It Was a Very Good Year

1999 was a transitional year for Handwoven and also its 20th anniversary year.

Linda Ligon Nov 24, 2015 - 3 min read

It Was a Very Good Year Primary Image

Pattie Graver’s Take It Easy scarf is the perfect project for when you want to relax at the loom and maybe work on some of the fundamentals.

Toddler Dress

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Toddler dresses with overshot yokes by Sandee Jaastad   

I remember 1999 almost as if it were—hmm. Thirteen years ago? Surely not. It was a transition year for Handwoven, with Jean Scorgie passing the editorial magic wand on to Madelyn van der Hoogt. Handwoven has been incredibly fortunate to have a string of skilled, visionary, capable editors, from Jane Patrick to Jean to Madelyn and now to Anita Osterhaug. But still, changing editors is an upheaval. We were so focused on smooth transition that we almost forgot our twentieth anniversary!

That issue, September 1999, happened in the inter-editor gap, so it was a team effort. We pondered over how to celebrate without indulging in back-patting or recycling old stuff. Our solution was to turn to the people who had made Handwoven so special from the very beginning. We had projects and articles from past editors and past tech editors and past regular contributors such as Sharon Alderman, Connie LaLena, Louise Bradley, and Deborah Chandler. We ran retrospectives with Randy Darwall and Anita Mayer. We even used a model from the earliest issues, and how great she looked twenty years later!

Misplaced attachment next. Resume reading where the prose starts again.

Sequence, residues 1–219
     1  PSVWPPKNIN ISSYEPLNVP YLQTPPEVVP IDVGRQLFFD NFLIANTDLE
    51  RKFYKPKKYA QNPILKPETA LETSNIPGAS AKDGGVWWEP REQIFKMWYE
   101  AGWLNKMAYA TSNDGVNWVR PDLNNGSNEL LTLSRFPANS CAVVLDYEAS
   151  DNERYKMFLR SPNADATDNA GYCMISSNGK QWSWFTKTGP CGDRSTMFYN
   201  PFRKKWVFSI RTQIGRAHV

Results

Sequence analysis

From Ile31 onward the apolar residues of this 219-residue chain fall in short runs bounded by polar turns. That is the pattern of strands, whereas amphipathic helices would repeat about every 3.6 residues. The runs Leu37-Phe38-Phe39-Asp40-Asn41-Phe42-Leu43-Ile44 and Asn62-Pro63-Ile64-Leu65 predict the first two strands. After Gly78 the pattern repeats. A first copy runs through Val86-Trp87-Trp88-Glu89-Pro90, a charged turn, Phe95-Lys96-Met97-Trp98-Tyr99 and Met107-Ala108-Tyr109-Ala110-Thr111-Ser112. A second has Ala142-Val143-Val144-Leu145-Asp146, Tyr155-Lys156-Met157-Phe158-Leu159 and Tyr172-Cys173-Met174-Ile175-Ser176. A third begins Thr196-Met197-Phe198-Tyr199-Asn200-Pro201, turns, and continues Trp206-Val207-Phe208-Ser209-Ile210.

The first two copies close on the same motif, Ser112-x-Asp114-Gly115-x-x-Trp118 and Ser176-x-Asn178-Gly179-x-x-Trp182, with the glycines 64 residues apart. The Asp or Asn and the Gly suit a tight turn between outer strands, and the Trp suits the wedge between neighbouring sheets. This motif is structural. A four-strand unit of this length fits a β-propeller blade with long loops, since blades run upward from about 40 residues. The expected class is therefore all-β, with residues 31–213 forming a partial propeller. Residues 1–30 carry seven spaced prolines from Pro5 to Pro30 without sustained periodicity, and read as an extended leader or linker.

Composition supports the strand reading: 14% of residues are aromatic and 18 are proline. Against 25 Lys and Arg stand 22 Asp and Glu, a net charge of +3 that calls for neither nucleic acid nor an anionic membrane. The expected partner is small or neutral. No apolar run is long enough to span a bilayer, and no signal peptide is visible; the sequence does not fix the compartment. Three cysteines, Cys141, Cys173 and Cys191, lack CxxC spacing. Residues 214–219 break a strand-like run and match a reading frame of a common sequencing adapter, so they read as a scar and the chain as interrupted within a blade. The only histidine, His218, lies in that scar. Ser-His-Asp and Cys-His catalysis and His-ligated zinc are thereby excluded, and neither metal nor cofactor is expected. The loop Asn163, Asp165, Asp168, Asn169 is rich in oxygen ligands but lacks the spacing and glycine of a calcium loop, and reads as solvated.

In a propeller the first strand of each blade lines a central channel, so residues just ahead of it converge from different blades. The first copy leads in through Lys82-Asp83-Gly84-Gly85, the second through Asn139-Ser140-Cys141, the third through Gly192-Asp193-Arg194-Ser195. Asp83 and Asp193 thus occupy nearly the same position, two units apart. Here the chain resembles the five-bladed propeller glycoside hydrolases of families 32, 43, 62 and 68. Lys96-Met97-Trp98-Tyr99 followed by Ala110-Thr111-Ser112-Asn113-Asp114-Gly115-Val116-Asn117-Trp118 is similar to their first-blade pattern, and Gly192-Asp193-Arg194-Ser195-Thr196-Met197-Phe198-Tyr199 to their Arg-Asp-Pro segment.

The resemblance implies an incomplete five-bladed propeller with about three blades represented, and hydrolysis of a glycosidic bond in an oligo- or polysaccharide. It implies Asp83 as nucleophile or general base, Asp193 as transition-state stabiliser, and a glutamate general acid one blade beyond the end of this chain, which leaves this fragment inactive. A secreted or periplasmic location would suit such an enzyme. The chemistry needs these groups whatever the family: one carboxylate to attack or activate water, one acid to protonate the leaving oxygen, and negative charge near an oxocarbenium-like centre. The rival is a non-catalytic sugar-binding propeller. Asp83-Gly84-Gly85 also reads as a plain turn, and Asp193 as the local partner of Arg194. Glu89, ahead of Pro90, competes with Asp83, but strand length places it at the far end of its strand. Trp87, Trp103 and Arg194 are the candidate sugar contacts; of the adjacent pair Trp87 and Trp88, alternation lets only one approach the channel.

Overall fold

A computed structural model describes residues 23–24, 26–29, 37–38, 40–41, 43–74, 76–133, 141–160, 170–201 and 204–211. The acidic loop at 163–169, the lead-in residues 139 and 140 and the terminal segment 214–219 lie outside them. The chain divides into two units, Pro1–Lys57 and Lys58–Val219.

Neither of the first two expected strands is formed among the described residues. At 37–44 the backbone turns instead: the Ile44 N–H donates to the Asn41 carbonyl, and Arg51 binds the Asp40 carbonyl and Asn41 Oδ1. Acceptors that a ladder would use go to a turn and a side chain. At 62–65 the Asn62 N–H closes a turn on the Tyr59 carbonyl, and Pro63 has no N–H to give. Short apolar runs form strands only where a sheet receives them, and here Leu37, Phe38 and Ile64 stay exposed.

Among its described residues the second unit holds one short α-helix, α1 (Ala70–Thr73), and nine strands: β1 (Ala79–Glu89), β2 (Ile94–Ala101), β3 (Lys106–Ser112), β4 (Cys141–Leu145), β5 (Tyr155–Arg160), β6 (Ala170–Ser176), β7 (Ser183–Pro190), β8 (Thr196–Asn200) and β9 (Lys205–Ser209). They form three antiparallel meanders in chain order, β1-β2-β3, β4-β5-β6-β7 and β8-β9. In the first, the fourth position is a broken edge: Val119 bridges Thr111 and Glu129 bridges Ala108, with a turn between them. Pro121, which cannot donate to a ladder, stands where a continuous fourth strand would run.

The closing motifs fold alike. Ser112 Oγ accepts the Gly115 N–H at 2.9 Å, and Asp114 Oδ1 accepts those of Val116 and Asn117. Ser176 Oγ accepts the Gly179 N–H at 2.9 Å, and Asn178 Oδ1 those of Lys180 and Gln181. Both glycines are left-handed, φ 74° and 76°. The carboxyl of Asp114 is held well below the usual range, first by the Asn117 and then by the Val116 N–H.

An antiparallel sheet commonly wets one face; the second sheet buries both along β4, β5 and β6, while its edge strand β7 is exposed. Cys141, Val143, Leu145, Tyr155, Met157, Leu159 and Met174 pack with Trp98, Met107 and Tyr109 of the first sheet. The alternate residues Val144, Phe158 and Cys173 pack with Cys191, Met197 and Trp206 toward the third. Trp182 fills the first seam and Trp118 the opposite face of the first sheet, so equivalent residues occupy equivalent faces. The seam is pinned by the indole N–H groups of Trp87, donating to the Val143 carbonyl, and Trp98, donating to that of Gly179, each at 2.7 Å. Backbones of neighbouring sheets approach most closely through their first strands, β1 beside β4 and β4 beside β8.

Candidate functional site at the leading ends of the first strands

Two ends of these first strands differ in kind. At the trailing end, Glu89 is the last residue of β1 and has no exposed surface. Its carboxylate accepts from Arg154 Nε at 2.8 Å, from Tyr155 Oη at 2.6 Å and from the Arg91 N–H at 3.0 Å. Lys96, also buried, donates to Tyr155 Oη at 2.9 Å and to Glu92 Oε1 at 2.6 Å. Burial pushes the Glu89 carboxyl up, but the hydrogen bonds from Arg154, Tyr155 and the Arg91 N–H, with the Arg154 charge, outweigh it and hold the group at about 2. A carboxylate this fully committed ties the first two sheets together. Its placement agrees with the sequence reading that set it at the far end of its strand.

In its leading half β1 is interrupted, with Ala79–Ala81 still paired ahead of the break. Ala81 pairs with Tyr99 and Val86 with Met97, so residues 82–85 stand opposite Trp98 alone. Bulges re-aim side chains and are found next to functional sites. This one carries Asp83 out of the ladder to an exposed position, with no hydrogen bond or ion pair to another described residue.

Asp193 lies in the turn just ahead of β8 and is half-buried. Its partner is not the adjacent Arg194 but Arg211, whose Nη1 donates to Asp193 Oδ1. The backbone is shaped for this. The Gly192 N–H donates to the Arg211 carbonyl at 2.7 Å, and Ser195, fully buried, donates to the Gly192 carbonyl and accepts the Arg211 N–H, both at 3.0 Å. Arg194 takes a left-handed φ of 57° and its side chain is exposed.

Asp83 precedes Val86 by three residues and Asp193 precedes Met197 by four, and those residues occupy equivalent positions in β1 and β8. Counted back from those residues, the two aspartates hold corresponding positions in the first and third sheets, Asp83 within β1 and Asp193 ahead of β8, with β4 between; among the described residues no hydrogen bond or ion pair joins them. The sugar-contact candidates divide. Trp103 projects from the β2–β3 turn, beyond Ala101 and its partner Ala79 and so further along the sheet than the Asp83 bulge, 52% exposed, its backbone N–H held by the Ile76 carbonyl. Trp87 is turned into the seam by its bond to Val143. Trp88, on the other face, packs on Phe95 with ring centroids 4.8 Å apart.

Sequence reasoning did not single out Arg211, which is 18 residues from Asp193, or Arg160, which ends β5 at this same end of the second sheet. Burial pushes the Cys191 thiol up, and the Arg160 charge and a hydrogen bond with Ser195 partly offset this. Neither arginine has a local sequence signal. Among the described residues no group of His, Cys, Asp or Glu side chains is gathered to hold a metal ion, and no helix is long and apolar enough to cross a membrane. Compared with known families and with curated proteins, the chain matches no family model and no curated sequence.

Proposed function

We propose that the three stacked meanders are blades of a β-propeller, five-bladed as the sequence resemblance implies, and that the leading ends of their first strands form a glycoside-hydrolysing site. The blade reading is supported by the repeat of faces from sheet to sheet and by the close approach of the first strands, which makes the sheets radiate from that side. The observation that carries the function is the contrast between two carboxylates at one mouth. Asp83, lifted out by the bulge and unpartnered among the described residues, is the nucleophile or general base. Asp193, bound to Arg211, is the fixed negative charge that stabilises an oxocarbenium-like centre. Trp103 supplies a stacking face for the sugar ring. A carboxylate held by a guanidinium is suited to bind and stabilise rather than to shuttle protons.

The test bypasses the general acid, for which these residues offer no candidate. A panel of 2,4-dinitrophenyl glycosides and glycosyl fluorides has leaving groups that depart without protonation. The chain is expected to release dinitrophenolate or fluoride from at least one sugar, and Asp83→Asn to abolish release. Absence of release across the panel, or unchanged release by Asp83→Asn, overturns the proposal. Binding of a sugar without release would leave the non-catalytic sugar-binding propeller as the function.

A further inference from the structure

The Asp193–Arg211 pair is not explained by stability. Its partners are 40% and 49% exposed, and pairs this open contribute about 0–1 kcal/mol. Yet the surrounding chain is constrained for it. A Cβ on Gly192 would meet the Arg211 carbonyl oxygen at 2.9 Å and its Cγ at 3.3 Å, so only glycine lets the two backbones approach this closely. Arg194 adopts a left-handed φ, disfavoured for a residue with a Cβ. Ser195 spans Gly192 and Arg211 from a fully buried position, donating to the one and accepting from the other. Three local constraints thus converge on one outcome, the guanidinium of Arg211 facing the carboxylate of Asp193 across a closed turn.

Millenium Scarf

   A Scarf for a New Millennium by Bonnie Tarses

Looking back through that anniversary issue brought back wonderful memories, but looking at the other issues from that year was pure inspiration. There was the doubleweave issue, with a great piece on Finnweave and a reversible jacket with overshot patterning (sounds gaudy, but it’s really pretty great). Another issue focused on weaving of the American Southwest, with counterpoint collections of terrific towels and good-looking tops. Another eclectic issue spanned the territory from kumihimo to warp rep rugs to huck lace. Madelyn’s first issue, the November/December one, was a celebration of “firsts”—special parties, special celebrations, and a “new millennium” scarf whose clever warp order would have been a great distraction from worrying about the end of electronic life as we knew it.

Speaking of the electronic life, what’s really amazing is that now you can get all five 1999 issues as a pdf download. You can page through them in all their back-lit glory, you can search through efficiently, and you can print out the instruction pages. It wouldn’t have occurred to me, either in 1979 or 1999, that that was in our future.

Linda Ligon

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